Impacts of wildfires in the United States have increased rapidly in recent years due to climate change, land management practices, and residential development in fire hazard areas. RFF researchers are working to understand how communities, land managers, and policymakers can take steps to prevent wildland fires from becoming wildfire disasters.
Working Paper — Jul 11, 2019
The Cost-Effectiveness of Satellite Earth Observations to Inform a Post-Wildfire Response
This study demonstrates the cost-effectiveness of using satellite imagery to assess burned areas and prioritize response measures after a wildfire; it shows that, by using Landsat imagery, federal agencies can save up to $7.7 million per year in post-fire costs.
Journal Article — Mar 21, 2019
Salience and the Government Provision of Public Goods
This paper examines how behavioral biases caused by salient events affect the government provision of public goods.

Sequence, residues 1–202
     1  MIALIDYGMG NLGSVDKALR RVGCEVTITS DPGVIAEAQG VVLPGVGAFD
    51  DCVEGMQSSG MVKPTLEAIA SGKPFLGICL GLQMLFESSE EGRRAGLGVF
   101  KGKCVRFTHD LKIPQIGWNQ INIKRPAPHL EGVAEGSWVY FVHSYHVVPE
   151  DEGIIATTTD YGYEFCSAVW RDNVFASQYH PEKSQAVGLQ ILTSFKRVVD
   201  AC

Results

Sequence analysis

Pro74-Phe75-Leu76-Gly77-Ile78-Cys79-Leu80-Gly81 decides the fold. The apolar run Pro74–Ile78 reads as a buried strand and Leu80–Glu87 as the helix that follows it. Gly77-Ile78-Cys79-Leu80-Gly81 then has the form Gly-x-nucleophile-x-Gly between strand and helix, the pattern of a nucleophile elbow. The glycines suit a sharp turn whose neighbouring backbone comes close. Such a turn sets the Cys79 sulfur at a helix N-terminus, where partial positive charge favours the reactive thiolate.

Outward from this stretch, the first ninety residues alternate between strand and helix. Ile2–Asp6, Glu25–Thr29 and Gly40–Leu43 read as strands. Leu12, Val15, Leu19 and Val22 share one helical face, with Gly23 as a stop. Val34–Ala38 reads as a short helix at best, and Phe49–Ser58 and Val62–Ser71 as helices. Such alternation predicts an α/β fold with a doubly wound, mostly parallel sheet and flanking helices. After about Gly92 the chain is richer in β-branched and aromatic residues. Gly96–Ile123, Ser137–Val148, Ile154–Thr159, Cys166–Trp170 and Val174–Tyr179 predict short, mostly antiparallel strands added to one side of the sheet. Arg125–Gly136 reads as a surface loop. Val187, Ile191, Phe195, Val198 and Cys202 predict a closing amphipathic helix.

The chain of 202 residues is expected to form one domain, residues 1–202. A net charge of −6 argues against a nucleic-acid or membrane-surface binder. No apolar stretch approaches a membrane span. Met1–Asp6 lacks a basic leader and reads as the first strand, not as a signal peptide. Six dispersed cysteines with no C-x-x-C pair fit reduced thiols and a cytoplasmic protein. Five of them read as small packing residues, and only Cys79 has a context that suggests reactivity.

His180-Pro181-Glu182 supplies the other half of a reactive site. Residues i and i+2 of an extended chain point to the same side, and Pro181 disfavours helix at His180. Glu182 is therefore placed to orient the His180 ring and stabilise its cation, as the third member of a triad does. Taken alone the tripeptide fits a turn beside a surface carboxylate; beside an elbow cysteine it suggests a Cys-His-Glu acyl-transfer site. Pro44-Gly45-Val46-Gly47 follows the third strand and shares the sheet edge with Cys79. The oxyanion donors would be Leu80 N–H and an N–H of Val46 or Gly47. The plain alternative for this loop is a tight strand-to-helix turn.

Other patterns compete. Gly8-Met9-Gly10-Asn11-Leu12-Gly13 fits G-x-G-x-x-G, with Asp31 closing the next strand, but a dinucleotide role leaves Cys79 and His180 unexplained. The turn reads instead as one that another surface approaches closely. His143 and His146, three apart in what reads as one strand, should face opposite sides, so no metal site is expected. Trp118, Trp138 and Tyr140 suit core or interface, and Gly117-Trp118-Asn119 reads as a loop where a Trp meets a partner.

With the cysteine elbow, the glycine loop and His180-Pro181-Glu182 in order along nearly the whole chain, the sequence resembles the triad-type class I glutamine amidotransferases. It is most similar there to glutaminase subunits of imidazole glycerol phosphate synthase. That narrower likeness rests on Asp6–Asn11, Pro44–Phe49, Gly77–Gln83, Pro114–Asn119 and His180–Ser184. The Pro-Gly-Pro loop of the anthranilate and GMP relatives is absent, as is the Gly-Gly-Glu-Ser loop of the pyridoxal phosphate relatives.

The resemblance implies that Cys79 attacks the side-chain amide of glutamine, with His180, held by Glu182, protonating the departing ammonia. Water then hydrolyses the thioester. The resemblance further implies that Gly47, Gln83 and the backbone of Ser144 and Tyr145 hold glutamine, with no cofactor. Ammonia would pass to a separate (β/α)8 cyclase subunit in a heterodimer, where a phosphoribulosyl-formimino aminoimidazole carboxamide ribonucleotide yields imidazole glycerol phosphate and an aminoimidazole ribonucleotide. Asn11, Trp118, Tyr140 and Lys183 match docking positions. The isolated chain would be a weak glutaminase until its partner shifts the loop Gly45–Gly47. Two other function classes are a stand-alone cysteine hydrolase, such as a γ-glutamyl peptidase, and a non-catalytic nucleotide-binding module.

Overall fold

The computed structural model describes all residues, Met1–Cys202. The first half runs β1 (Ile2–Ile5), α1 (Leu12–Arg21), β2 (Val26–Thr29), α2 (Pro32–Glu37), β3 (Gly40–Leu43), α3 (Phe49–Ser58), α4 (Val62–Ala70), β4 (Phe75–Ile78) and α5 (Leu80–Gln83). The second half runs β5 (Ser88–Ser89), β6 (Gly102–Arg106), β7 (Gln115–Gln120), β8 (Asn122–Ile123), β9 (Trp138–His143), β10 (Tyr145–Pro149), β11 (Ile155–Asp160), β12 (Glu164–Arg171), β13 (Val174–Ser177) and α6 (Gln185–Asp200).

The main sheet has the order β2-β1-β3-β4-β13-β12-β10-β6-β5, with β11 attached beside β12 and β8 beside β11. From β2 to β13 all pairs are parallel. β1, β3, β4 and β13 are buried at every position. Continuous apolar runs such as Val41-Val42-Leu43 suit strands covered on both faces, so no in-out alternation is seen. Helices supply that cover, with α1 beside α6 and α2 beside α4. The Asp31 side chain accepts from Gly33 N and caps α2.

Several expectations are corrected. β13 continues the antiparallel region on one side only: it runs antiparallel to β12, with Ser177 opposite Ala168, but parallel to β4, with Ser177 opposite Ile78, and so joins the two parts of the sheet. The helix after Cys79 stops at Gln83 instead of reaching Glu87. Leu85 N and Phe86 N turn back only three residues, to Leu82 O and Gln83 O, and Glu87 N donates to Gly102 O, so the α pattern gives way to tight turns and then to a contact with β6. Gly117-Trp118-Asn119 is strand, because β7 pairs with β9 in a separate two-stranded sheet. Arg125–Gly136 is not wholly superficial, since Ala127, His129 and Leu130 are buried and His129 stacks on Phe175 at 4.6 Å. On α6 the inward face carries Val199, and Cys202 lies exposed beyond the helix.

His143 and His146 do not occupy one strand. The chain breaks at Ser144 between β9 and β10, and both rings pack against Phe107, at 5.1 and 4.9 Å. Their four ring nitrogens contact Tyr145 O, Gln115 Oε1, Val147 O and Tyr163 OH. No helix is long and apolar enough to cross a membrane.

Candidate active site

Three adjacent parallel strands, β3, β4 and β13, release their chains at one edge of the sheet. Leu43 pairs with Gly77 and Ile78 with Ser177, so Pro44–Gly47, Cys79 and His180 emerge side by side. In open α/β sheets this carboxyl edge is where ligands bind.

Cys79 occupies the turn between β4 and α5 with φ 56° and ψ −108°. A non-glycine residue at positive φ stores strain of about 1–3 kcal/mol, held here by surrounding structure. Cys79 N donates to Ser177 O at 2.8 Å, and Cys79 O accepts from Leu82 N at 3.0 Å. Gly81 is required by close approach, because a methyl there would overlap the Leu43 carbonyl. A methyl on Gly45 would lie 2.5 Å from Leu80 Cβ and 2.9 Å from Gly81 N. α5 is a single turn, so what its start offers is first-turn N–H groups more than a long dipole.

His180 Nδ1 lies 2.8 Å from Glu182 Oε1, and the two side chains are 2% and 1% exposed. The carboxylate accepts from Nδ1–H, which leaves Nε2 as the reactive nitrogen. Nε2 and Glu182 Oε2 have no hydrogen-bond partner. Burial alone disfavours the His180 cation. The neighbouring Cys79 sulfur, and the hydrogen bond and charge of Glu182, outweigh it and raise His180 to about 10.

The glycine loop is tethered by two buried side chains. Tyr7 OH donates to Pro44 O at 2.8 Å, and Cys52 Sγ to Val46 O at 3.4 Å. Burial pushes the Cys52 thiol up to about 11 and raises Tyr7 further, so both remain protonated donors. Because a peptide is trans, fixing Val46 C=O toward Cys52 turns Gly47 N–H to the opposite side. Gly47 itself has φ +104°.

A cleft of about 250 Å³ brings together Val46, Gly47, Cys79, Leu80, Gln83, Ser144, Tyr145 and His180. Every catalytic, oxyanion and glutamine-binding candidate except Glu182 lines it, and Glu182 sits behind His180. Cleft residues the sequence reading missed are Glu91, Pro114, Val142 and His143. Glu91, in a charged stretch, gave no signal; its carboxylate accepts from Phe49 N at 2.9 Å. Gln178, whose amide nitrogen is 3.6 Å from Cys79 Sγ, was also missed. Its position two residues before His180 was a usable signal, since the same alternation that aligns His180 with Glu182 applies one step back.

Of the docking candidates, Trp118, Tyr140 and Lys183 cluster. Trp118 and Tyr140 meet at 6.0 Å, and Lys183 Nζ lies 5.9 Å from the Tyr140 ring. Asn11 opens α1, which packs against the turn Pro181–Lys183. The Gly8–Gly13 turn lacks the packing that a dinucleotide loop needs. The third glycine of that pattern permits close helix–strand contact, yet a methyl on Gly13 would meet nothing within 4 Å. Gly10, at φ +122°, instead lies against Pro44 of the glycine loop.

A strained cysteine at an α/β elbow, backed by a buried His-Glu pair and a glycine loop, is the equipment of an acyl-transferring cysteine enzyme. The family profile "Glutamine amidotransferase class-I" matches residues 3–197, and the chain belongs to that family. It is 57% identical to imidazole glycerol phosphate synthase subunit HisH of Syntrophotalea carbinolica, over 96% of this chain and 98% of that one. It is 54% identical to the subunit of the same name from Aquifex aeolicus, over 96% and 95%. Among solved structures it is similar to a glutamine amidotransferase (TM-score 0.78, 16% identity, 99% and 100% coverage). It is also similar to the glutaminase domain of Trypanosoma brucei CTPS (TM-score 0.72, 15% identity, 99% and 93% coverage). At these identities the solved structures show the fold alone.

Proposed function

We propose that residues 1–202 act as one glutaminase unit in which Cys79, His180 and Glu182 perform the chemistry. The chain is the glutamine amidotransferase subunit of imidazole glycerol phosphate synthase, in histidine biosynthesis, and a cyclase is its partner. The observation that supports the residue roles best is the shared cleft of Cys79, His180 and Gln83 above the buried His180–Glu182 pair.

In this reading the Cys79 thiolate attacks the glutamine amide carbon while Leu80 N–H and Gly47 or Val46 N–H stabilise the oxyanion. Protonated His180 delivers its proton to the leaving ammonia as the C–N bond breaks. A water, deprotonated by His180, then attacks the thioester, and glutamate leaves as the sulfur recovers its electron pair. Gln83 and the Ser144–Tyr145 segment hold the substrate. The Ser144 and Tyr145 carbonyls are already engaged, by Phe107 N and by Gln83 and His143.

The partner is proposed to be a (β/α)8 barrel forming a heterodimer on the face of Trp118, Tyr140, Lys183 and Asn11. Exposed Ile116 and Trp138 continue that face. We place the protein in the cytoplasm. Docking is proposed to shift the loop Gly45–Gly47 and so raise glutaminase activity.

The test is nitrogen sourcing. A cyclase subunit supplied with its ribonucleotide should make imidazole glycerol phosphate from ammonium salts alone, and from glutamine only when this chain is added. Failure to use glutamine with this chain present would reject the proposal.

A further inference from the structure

Journal Article — Jun 11, 2018
The Dangers of Disaster-Driven Responses to Climate Change
This paper reviews responses to low-probability, high-consequence climate change events.
Press Release — Jul 11, 2019
Satellite Imagery Saves Federal Agencies up to $7.7 Million per Year in Post-Wildfire Costs
A new VALUABLES study finds that using the Landsat satellite program is the most cost-effective method to assess burned land and prioritize responses.
Media Highlight — Apr 12, 2019
"California Governor Seeks to Protect Utilities From the Cost of Wildfires"
Media Highlight — Apr 3, 2019